#FemTrending: Women & The Rap Game

#FemTrending is a blog series with a feminist kick that wades into the waters of things "trending" in popular culture and politics. Written by GS&NS Digital Content Coordinator, Hailie Johnson-Waskow.

My best friend has a sticker on her laptop that says “cats against catcalling.” It’s a picture of a bunch of cats. And she loves G-Easy. 

On a day-to-day basis one of the hardest issues I cope with is my orientation toward rap music. It’s arguably my favorite genre. And I am definitely not alone in this. 

My friends and I love to drive around. We do it all the time. Sometimes we are going somewhere, sometimes we just drive. We complain about our lives. We talk about debate. We tell each other how important the other is. And we cope with the big questions. These are my favorite memories with my friends. And we are always, always listening to rap. Sometimes it’s playing in the background, sometimes we are belting. And my best friend always says the same thing to me, “If I was listening to this with someone who was not aware of what is wrong with it, I think it would gross me out. But with you it is okay.”

Every time she says this I am reminded of my own internal struggle, and how to reconcile those feelings with my love for this genre. 

There is no doubt that rap music from men engages in objectifying women, demeaning women, promoting violence and sexual abuse of women, and overall perpetuation of patriarchy; this is a claim that hardly needs backfilling. However, in the 1990s the emergence of hip-hop feminism changed the conversation. In 1993, Queen Latifah was one of the first female artists to bring feminism to hip-hop with her song “U.N.I.T.Y.” proudly declaring “Who you calling a b*tch?” Missy Elliot was one of the largest parts of this movement teaching sisterhood, pride, and loving all women. 

This paved the way for rappers like Nicki Minaj, Iggy Azalea, and, arguably, Beyonce. I love all of them. But, even they have their issues. Nicki Minaj is definitely my favorite female rapper but even she engages in misogyny; for example, in her collaboration “Hey Mama” with David Guetta she sings “Yes, you be the boss and yes, I be respecting whatever that you tell me”. She also engages in female on female violence rapping things like “F*ck those skinny b*tches in the club” in her song “Anaconda.”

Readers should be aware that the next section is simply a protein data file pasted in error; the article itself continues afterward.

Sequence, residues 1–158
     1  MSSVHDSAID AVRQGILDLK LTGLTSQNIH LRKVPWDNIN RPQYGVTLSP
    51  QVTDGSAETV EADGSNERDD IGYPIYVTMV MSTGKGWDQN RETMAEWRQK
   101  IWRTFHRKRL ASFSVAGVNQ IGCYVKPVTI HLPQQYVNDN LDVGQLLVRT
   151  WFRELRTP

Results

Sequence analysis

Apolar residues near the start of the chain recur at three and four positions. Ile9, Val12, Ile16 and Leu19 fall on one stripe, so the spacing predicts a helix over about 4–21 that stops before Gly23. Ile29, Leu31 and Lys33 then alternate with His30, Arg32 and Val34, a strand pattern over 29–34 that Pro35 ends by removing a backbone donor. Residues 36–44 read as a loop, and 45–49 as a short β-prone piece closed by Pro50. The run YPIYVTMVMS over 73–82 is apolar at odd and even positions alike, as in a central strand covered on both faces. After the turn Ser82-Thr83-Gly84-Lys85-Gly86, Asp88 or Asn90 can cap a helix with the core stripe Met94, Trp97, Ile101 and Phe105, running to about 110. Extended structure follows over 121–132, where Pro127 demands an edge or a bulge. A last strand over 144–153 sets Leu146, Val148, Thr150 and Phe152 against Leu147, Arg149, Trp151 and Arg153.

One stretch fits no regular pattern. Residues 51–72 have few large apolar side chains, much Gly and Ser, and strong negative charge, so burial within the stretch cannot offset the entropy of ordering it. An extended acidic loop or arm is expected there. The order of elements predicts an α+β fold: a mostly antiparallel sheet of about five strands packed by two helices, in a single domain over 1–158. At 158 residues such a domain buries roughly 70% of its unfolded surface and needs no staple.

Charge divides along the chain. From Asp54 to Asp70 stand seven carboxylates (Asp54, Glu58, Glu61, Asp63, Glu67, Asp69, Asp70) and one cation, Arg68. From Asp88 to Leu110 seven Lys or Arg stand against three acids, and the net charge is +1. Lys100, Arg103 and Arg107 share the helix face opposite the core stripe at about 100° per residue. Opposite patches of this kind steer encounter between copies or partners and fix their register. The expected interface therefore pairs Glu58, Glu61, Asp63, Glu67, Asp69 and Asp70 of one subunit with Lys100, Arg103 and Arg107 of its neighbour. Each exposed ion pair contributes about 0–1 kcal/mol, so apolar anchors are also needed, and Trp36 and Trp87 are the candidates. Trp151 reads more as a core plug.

But I cannot deny how empowered I feel every time I listen to her sing with Beyonce in “Feeling Myself.” I proudly sing out lyrics like “I am a rap legend, just go ask the kings of rap. Who is the queen and things of that nature.” And on that note I cannot deny how amazing Beyonce’s formation has done with questions of race and feminism; a territory that few have explored in rap, and that none have so masterfully. 

With all these questions weighing on me during my research, it finally hit me. There were hundreds of articles, discussions, and videos about female rappers being sexist or not accomplishing feminist goals but the same criticisms about male rappers did not exist. The unfortunate reality is that, as a society, we hold women rappers to an unfair standard that often discourages women from joining the music industry in the future.

So, yes, sometimes Nicki Minaj has some sexist lyrics. But what is important is that we know those lyrics are sexist. But we also know that the rest of her work, the work of many women, is valuable and important. 

I refuse to feel guilty listening to rap. I can listen to sexist lyrics, deem them to be sexist, and refuse to subscribe to their message. I can choose to devote more time and money to the lyrics that aren’t sexist. And I can also acknowledge that everyone, men and women alike, are not doing a perfect job with feminism. And the only way to change that is to become an active participant in feminism. And, if you’re reading our blog, you’re already on your way.

In an attempt to spread the feminist message, I encourage you to go listen to my favorite song. I always listen to this when I need a little empowerment. 

Hailie Johnson-Waskow


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